UC Regents Raise Student Fees, Lower Student Morale
by Jaymi Berbert & Ben Tolksdorf


On Wednesday, May 14th over fifty students from throughout the University of California system, along with UC service workers and a few concerned community members, stood in solidarity outside a UCLA conference room and shared their personal stories of struggle as well as hope for the elimination of financial obstacles to education. Despite this pressure, the UC Regents voted to raise undergraduate fees by 7.4%.

UC students will now have to pay nearly $500 more per year, continuing the trend of a more than 84% increase in fees in the last decade. This decision could lead to a lack of diversity and accessibility within the UC system, according to the UC Student Association (UCSA) and its allies, as well as be a step down the road to privatization.

After the final “Yes” vote was cast, many students marched out, but some refused to leave and continued chanting “Regents Regents can’t you see, you’re creating poverty!” About 15 students were arrested, two of them UCSB students, but were all released within a few hours.

The Regents met over the course of three days to discuss many issues, the fee increase being the most controversial. During the period of public comment in the morning, people brought up issues from the creation of a medical program at UC Merced to living wages for service workers. Only 20 minutes were allotted for all to speak, and only about 20 people out of 50 who signed up were able to approach the microphone. Emma Gonzalez, a graduate student and TA at UCSB, asked, “Where’s the money going?” and explained how many of her classes lack adequate supplies, including desks. Another student stated passionately, “By approving this increase you are telling the state that it’s okay to homogenize the UC’s, that it’s okay to push out lower income students, that it’s okay to stop serving the public….We are not just numbers, we are students and we will not be pushed out.”

During the lunch break before the meeting of the committee on finance, students and service workers marched outside the building with picket signs stating “Education is a right” and “We are cooks, we make you dinner”. Many people shared the megaphone amid cheers and chants. Patrick Mitchell, a member of the American Federation of State and County Municipal Employees (AFSCME) and a UC healthcare worker, said that the UC cannot “retain and recruit” workers because they are not paying them a living wage, and at the same time they are losing students because they cannot afford to attend. According to him, about 80% of UC service workers are eligible for food stamps and other public relief. He also mentioned the large bonuses that the Regents receive, such as the well over $600,000 per year salary of the incoming President Mark Yudof, and the fact that the students must pay for them.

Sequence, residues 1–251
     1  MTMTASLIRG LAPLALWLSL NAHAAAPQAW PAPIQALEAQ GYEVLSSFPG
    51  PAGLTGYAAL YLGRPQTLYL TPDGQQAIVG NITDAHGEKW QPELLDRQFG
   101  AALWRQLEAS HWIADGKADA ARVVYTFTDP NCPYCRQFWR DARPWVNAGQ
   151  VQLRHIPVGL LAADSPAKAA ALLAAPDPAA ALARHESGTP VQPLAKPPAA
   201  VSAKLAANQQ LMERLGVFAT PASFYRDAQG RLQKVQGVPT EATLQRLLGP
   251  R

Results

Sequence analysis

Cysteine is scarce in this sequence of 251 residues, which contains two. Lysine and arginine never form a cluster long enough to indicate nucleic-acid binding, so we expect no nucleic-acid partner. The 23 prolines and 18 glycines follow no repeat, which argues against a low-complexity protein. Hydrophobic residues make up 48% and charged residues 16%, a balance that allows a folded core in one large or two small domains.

One of the Regents, California Lieutenant Governor John Garamendi, came outside to speak with the students and show his support. “This is a particularly dumb idea,” he stated regarding the fee increase, and later added in a presentation to the Regents that the UC Master Plan’s commitment to access and affordability is being undermined. He advocated a resolution for a fee freeze, and to increase fees only with inflation. His resolution was shot down.

Many of the Regents in favor of increasing fees expressed concern over funding from the state. They said that the governor’s budget for the UC is $418 million below what they were asking for, and that the legislative budget will continue to be very uncertain, which could “imperil critical priorities…maintaining quality faculty, providing adequate salaries for staff, and a full range of things.”

According to Richard Blum, Chairman of the Board of Regents who paid “$150 to go to school at Berkeley”, he is “all in favor of calling Sacramento’s bluff…but every time we’ve called their bluff for 4 years, we’ve lost.” He also said that he was under the impression that the Cal Grant paid for everything for students from families with an income of under $60,000, which elicited many boos and hisses from students present. Another Regent clarified the fact that the Cal Grant does not cover everything, and that students with parents making just over $60,000 are hit hardest by fees.